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The Night of Counting The Years

28. 9. 2011 // // Kategorie Randnotizen 2011

In her after talk, Maha Maamoun mentioned the Egyptian film The Night of Counting the Years (a.k.a. The Mummy) by Shadi Abdel Salam. This is a film I have never seen and there is always something striking in how fascinated I am by certain films I’ve never seen. (I found clips of it here and here.) Wikipedia says its based on the true story of the Abd el-Rasuls, an Upper-Egyptian clan that had been robbing a cache of mummies […] and selling the artifacts on the illicit antiquities black market. Already my mind rushes towards the politics of stealing, how stealing may or may not be political, how smashing things may or may not be political depending on your intentions and context. For me, for example, if you systematically have no food, and you steal food, or money for food, we are in the realm of pure politics. But things are rarely so pure.

I recently read M. Kitchell’s short story Paul Garrior in Jacques Riverruns The Abyss Is The Foundation of the Possible. Its about a lost experimental pornography film of which only fragments remain, and which the narrator becomes increasingly obsessed with. Fragments are the gateway to obsession. The above fragments from The Night of Counting the Years begin to form a completely different film in my head, perhaps a bit too obviously, a film about the revolution currently taking place in Egypt.

The after talk emerged from a screening of Maamouns Domestic Tourism II, a compilation of scenes from Egyptian films that, in one way or another, all feature the pyramids. Watching this shorthand history of over fifty years of Egyptian cinema, all works I had never seen or heard of before (am I too forthcoming with my ignorance?), I felt a kind of overwhelming nostalgia for cinema as an international art form, for internationalism as a more positive, more potential, precursor to the brutalities of globalization. (A few days later, watching an Apichatpong Weerasethakul video, my nostalgia eases. Maybe cinema is more alive than ever.)

Another video by Maha Maamoun, Night Visitor, shares part of its title with Shadi Abdel Salams film. Night Visitor is a compilation of YouTube clips of citizens breaking into Egyptian sites of power, searching for evidence that official files and records are being destroyed, evidence of the shredding and burning of recent history, and, in the process, documenting government wealth. The act of breaking in and filming, wanting to see how the other half lives and works, what has been hidden, if suspicions prove correct, and also the desire to put it on the internet, to build communities around these moments of transgression. The videos show many small nights of counting the years, years that are hopefully now coming to an end, and YouTube videos are often also fragments, suggestive glimpses of something larger.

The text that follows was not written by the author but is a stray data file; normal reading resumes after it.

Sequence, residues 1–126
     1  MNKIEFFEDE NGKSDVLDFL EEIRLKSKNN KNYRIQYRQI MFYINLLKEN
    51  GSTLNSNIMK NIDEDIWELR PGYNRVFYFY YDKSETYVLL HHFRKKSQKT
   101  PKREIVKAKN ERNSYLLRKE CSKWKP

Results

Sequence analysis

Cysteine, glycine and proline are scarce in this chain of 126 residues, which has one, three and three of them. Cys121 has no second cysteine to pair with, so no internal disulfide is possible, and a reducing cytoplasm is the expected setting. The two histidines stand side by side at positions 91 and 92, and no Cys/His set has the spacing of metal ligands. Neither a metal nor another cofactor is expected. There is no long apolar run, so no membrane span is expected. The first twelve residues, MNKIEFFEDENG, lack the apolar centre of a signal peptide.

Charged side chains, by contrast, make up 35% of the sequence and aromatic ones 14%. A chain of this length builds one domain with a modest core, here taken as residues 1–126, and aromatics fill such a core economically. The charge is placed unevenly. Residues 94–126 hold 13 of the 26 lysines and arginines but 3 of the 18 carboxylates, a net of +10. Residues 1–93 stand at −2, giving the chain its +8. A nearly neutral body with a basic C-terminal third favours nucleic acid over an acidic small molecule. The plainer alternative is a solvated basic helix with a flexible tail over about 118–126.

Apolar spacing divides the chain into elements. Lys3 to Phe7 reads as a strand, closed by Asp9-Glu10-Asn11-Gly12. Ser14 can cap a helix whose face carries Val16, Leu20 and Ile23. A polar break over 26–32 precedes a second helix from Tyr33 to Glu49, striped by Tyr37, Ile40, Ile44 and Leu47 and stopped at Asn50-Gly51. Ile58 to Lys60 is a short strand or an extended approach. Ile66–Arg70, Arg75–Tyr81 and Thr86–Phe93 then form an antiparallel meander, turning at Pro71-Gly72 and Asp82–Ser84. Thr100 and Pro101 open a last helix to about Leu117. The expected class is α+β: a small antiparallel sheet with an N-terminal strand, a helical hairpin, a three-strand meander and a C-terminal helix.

This post took me a few days to write because, against my better judgment, I somehow wanted to write something about Egypt. Ive been traveling for the past seven weeks and everywhere Ive gone there is still such an excitement when conversation turns to Tahir Square. I have no idea what will happen in Egypt now, or next, but I know that for the rest of the world what happened back in the spring, or more specifically the images of it, were such a striking symbol. The symbol of something previously thought impossible that suddenly became possible again. And perhaps also a symbol of ebbing American power. During that time I discovered the track Egypt Strut by Salah Ragab and The Cairo Jazz Band. I could listen to it for the rest of my life. Its a bit cheap to take someone elses struggle as a symbol for ones own sense of possibility. But I suppose we take our moments of hope where we can find them, as in New York they continue to occupy Wall Street.

In this photo the second moon was removed

27. 9. 2011 // // Kategorie Randnotizen 2011

In one of Marko Tadićs moon-obsessed postcards I read: In this photo the second moon was removed and I instantly think about communism and capitalism. There used to be two moons in the sky and now one of them has been removed. And the sky now looks unbalanced. I found Tadićs drawings almost endlessly moving. Humanity used to be obsessed with the moon. It was a place in the sky, in the night, we could never go. Then, allegedly, we went there. We all saw it like some ancient fragment of cinema. We dreamed of going to the moon, we went, and now the dream is gone. I dont know why, but I was convinced that Tadićs drawings were mainly about the future. Time to come up with new dreams.

Scan+2b

The year when it disintegrates

27. 9. 2011 // // Kategorie Randnotizen 2011

In his essay about Speculative Realism, a new branch of contemporary philosophy, Marc Fischer quotes the philosopher Ray Brassier from his book Nihil Unbound: Enlightenment and Extinction:

Sooner or later both life and mind will have to reckon with the disintegration of the ultimate horizon when, roughly one trillion, trillion, trillion (101728) years from now, the accelerating expansion of the universe will have disintegrated the fabric of matter itself, terminating the possibility of embodiment. Every star in the universe will have burnt out, plunging the cosmos into a state of absolute darkness and leaving behind nothing but spent husks of collapsed matter. All free mater, whether on planetary surfaces or in interstellar space, will have decayed, eradicating any remnants of life based in protons and chemistry, and erasing every vestige of sentience irrespective of its physical basis. Finally, in a state cosmologists call asymptopia, the stellar corpses littering the empty universe will evaporate into a brief hailstorm of elementary gravitational particles. Atoms themselves will cease to exist. Only the implacable gravitational expansion will continue, driven by the currently inexplicable force called dark energy, which will keep pushing the extinguished universe deeper and deeper into an eternal and unfathomable blackness.

Fischer goes on to write:

Think of your own response to Brassiers description of cosmic asymptopia. You know that it is overwhelmingly likely that science is correct, and that the universe is tending towards a state of non-being, yet at the same time, you continue to act as if this doesnt matter.